Workers taking cigarette breaks and smoking-related sick days cost businesses in St Helens £19m a year in lost productivity, a shocking new report reveals today.
The wide-ranging review drawn up by council and health officials puts the total annual cost of smoking to the town’s economy at a whopping £48m.
It also estimates that smokers in St Helens shell out around £52m every year to fund their habit.
St Helens’ director of public health, Liz Gaulton, said the findings revealed the scale of the problem facing health officials.
“Tobacco is the single biggest contributor to excess mortality in St Helens,” she said. “It is responsible for half of the health inequalities in the UK and is responsible for more deaths than the next four causes combined.”
The report also reveals:
* Smoking costs the cash-strapped local NHS £9.3m per year.
* St Helens Council forks out £3m annually in cleaning up discarded fag butts and issuing fines.
* Around one in five 16-year-olds in St Helens smokes.
The report was presented to St Helens Council’s cabinet as evidence to support a proposal urging them to sign a local ‘declaration on tobacco’ which will set out a framework of anti-smoking policies.
Mrs Gaulton said the declaration would bolster lobbying for tougher policies at a national and European level but sounded a warning that national politics could hamper progress.
“Although there have been some positive moves in terms of display of tobacco products in England, the government’s decision to delay the introduction of plain packaging is disappointing,” she added.
“The need to hear the voices of local government advocating for tobacco control to protect the health and wellbeing of local people is needed now more than ever.”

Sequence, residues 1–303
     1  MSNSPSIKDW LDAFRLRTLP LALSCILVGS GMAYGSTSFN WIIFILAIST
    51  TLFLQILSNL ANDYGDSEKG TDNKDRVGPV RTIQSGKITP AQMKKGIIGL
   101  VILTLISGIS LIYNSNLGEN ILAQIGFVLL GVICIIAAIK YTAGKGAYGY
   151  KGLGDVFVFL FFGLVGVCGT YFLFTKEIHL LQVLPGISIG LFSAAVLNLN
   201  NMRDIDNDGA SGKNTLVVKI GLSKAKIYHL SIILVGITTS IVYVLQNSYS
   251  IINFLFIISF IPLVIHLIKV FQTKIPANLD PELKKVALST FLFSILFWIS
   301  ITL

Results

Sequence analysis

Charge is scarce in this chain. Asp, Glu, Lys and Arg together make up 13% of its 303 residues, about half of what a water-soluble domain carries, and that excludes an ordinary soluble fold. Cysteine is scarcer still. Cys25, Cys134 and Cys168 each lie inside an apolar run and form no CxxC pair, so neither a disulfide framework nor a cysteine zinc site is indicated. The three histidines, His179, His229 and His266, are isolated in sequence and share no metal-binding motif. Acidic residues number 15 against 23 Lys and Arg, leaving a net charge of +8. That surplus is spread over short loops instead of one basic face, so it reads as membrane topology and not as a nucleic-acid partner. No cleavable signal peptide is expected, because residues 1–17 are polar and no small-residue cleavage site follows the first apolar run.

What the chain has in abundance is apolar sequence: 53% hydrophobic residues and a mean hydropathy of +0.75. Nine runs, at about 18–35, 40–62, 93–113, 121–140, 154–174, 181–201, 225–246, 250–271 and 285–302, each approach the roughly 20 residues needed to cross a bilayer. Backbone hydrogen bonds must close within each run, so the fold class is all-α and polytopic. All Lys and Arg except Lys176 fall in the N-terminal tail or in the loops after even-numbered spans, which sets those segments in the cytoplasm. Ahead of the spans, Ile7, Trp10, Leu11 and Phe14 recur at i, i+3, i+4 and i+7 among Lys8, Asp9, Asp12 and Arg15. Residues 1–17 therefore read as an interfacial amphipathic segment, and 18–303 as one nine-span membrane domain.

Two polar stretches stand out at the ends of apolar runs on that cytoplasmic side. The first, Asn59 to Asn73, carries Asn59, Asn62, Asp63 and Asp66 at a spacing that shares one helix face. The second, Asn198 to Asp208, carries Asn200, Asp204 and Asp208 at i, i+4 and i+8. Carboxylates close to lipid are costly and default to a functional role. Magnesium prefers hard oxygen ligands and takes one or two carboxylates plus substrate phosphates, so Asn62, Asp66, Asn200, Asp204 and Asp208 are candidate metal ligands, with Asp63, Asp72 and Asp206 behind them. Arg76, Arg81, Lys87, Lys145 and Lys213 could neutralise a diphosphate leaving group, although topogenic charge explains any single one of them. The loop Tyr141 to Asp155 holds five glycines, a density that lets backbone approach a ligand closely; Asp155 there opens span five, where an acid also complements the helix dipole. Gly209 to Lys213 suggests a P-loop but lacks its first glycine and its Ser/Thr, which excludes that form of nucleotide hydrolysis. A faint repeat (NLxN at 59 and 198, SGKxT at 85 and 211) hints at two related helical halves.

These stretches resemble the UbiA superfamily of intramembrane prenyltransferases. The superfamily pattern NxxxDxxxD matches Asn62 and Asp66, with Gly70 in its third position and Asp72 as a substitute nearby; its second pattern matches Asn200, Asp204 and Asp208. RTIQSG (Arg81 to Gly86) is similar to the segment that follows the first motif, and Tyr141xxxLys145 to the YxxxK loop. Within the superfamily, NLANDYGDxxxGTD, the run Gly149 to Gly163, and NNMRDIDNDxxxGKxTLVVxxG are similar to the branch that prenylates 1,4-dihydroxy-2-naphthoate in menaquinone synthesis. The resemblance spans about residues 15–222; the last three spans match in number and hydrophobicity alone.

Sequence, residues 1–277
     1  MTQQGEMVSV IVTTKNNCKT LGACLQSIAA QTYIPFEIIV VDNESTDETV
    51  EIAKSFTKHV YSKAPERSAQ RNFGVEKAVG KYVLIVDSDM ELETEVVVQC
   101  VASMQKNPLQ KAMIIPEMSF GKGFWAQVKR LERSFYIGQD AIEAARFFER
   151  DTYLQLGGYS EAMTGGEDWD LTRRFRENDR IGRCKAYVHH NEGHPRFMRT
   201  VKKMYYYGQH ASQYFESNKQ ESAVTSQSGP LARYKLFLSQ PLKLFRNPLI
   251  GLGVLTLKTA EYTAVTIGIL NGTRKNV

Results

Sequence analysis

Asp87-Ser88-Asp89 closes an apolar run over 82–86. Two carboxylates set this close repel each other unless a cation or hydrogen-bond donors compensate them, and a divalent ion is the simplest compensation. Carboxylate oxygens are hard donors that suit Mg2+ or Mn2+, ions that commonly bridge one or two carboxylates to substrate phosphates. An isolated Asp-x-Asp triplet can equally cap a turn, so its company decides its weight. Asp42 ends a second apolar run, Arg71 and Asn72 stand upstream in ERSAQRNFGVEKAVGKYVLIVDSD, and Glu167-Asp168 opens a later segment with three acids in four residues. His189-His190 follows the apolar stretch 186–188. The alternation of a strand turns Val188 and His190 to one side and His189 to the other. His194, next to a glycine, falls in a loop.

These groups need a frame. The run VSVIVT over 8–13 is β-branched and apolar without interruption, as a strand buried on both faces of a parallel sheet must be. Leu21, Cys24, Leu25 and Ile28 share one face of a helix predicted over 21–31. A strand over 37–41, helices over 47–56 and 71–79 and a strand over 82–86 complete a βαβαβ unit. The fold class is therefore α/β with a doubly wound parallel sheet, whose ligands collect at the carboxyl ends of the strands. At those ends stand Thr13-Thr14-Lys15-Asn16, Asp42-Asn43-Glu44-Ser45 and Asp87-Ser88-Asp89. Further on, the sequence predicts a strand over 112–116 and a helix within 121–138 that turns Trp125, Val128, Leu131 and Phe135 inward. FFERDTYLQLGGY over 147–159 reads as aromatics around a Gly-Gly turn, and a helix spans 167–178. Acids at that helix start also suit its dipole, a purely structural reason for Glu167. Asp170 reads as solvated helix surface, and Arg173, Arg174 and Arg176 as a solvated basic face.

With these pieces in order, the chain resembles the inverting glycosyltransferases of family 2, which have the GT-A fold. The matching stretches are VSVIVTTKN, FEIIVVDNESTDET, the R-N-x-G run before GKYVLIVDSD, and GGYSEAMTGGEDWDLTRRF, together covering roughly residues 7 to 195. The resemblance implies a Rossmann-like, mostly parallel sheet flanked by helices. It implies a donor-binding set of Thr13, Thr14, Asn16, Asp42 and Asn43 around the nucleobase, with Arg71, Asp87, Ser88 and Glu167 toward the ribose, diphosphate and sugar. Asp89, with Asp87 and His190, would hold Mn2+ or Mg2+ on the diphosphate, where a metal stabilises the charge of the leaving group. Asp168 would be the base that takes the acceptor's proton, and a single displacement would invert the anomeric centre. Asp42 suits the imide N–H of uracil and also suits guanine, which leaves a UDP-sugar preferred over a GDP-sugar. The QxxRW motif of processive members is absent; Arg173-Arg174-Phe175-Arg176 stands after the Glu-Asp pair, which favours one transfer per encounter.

Among the report’s findings were several positive trends, including a reduction in the overall levels of smoking and a big drop in the numbers of teenagers picking up the habit and pregnant smokers.
But it also warns that anecdotal evidence suggests fewer people were using the council’s smoking cessation service partly because of the popularity of electronic cigarettes.
“E-cigarettes are popular but are unregulated and not recommended by the National Institute for Health and Care Excellence,” the report says. “They are likely to cause less harm than smoking cigarettes if used in substitution but they are not recommended or risk-free and can undermine the denormalising message.”
The report also warns of “aggressive marketing of e-cigarettes”, examples of which include the e-cigarette company Totally Wicked signing a sponsorship deal with Saints, and young people still starting to smoke.